In today’s Things We Are Not Surprised About Ever, Chris Brown has made the classy decision to countersue the guy his entourage allegedly beat up last year. Sha’keir Duarte filed a suit against Brown in August for a fight that broke out this January outside a recording studio in West Hollywood between Brown and Frank Ocean’s entourages. (Not to be confused with the fight between Brown and Drake’s entourages.) Duarte was injured and he claims that Brown was the aggressor in the fight. But Brown begs to differ, insisting that Duarte instigated things by kicking and punching him and threatening to kill him. There were no criminal charges filed, but Brown filed an assault and battery lawsuit on Wednesday and is seeking “unspecified damages” from Duarte. Hey, this is America, we practically sue each other in our sleep. [Huffington Post] [Image via Splash News]
“I don’t have a problem with gay people. I got some gay homies. Yeah, for real. People who were gay used to get beat up. It was cool to beat up on gay people back then. But in the 90s and 2000s, gay is a way of life. Just regular people with jobs. Now they are accepted, not classified. They just went through the same things we went through as black. … Frank Ocean ain’t no rapper. He’s a singer. It’s acceptable in the singing world, but in the rap world I don’t know if it will ever be acceptable because rap is so masculine. It’s like a football team. You can’t be in a locker room full of motherf–king tough-ass dudes, then all of a sudden say, ‘Hey, man, I like you.’ You know, that’s going to be tough.”
––Well, Snoop, I’d argue that gay has been a “way of life” since, like, forever. But still, it’s interesting to hear a major figure in the rap world actually offer up some coherent thoughts on homosexuality in the rap game. And, for what it’s worth, Snoop, I do know of openly gay (and trans!) rappers who have steadily been making their way to the mainstream. There’s hope for acceptance, yet. [The Guardian]
GQ: Do you consider yourself bisexual?
Frank Ocean: You can move to the next question. I’ll respectfully say that life is dynamic and comes along with dynamic experiences, and the same sentiment that I have towards genres of music, I have towards a lot of labels and boxes and shit. I’m in this business to be creative-I’ll even diminish it and say to be a content provider. One of the pieces of content that I’m for fuck sure not giving is porn videos. I’m not a centerfold. I’m not trying to sell you sex. People should pay attention to that in the letter: I didn’t need to label it for it to have impact. Because people realize everything that I say is so relatable, because when you’re talking about romantic love, both sides in all scenarios feel the same shit. As a writer, as a creator, I’m giving you my experiences. But just take what I give you. You ain’t got to pry beyond that. I’m giving you what I feel like you can feel. The other shit, you can’t feel. You can’t feel a box. You can’t feel a label. Don’t get caught up in that shit. There’s so much something in life. Don’t get caught up in the nothing. That shit is nothing, you know? It’s nothing. Vanish the fear.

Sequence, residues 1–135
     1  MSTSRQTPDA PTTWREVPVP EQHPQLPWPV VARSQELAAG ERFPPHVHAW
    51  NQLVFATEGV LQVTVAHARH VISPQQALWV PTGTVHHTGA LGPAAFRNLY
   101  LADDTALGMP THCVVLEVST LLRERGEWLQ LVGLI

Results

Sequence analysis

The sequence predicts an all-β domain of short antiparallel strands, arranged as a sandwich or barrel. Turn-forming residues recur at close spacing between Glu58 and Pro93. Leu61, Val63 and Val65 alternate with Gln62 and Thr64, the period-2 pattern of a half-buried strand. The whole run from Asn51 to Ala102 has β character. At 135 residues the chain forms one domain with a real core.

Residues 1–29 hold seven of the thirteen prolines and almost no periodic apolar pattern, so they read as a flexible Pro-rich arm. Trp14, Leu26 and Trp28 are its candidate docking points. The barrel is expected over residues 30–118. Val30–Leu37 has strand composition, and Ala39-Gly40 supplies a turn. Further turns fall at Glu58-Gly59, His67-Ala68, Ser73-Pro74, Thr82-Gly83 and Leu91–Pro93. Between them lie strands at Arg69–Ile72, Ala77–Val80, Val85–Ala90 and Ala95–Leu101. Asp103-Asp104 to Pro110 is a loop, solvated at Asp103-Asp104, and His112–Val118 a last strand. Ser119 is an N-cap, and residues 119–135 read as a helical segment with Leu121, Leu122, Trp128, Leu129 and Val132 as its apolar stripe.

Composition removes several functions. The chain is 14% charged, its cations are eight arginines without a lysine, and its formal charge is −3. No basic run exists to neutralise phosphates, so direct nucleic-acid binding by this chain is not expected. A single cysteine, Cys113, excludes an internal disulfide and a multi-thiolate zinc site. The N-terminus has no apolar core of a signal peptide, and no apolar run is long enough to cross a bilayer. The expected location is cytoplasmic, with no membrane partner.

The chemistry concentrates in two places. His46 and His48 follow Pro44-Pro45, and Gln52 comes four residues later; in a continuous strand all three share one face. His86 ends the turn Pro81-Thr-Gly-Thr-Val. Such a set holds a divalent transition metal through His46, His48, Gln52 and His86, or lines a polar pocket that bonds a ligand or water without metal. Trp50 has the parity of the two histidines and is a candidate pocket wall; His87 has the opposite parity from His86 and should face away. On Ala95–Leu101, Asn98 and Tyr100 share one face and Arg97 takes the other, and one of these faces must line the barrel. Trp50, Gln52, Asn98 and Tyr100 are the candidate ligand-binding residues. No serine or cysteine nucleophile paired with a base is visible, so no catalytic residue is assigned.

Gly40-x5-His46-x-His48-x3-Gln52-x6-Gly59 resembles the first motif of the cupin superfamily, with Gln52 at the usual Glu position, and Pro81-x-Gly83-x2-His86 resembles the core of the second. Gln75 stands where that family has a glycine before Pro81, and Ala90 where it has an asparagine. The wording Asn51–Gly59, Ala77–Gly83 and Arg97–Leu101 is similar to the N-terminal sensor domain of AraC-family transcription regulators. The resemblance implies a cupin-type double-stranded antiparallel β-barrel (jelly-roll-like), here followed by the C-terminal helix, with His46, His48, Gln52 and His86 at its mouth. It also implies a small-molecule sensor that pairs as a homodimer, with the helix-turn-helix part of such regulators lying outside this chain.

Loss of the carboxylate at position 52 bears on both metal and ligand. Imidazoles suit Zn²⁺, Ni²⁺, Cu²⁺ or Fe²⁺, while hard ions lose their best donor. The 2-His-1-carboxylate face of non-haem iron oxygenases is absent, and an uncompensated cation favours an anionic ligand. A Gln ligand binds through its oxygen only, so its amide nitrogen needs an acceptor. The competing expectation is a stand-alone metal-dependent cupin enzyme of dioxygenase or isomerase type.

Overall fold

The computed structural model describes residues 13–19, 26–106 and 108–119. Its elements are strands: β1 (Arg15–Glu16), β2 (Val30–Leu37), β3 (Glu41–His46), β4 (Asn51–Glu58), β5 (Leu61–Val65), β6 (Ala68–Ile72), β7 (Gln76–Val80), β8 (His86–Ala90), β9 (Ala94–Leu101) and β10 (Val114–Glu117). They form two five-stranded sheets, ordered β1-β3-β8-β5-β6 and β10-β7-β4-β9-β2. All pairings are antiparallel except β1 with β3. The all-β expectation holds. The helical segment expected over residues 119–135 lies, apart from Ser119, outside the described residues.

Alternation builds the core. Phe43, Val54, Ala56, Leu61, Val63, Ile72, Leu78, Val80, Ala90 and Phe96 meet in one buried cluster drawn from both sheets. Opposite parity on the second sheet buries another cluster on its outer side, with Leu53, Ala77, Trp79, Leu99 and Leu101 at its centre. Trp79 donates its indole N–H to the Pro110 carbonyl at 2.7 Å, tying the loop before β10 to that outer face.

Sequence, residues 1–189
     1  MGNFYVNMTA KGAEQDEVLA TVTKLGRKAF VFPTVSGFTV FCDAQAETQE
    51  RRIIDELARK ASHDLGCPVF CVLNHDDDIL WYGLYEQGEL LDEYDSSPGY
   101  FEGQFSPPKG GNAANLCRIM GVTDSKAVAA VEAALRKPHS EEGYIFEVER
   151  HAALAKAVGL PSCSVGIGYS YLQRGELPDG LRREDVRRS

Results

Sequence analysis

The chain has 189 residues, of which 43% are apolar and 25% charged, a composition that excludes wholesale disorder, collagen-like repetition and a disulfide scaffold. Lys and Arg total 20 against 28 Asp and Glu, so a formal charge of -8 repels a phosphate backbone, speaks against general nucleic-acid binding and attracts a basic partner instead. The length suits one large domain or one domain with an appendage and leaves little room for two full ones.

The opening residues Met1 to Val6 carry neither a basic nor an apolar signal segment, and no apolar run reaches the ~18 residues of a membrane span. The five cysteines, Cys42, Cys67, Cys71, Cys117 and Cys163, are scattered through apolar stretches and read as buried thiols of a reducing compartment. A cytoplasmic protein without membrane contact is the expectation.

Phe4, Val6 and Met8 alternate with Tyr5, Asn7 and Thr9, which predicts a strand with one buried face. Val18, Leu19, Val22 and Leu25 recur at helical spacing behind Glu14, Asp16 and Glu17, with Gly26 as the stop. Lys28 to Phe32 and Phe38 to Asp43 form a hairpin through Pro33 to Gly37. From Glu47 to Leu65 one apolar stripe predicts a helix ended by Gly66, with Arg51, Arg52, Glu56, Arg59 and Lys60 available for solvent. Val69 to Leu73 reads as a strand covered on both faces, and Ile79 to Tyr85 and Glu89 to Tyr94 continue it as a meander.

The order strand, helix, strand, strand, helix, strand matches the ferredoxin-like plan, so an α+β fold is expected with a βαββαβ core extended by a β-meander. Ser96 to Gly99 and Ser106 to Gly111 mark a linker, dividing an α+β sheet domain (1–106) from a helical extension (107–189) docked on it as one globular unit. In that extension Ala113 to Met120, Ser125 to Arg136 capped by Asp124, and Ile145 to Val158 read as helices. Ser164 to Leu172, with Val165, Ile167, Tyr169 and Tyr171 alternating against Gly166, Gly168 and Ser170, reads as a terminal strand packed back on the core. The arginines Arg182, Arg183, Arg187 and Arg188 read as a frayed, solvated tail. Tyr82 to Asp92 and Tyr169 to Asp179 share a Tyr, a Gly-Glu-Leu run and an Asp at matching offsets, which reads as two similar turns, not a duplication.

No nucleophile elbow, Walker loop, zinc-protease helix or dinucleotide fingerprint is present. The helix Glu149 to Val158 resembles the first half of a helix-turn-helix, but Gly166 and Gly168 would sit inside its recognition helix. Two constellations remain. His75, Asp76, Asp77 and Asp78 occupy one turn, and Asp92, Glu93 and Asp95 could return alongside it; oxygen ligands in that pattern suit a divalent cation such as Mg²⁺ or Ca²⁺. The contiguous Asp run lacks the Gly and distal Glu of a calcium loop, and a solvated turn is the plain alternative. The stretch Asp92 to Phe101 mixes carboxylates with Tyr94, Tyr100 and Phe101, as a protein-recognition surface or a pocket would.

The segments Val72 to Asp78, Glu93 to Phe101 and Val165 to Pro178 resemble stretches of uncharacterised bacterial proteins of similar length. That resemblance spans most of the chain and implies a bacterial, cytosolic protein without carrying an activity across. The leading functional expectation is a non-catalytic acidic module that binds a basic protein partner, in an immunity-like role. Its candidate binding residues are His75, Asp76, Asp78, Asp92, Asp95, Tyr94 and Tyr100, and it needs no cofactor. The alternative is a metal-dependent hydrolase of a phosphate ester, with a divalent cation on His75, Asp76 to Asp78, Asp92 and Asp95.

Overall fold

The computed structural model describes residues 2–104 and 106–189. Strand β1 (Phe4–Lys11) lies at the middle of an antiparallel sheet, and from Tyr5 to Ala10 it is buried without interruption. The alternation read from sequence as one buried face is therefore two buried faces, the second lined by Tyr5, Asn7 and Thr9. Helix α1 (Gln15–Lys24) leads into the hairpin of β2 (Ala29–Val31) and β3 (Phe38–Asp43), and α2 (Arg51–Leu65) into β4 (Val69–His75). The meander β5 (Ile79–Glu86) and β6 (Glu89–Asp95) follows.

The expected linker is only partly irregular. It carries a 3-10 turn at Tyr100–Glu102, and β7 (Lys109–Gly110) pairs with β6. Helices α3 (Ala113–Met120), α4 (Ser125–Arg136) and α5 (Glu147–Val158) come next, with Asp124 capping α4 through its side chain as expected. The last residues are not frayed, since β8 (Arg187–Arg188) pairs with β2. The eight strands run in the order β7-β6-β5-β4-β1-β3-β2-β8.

– R&B singer Frank Ocean, offering a radical alternative to the gay/straight, public/private dichotomy. Ocean seems to suggest that it’s not only inappropriate to try and sexually label him, but also inadequate. And while there’s plenty of implied political power in identifying as gay or bisexual, it may not be accurate or adequate for something as large as sexuality. Ocean infamously revealed that he’d previously been in love with a man on his Tumblr this past July. [GQ]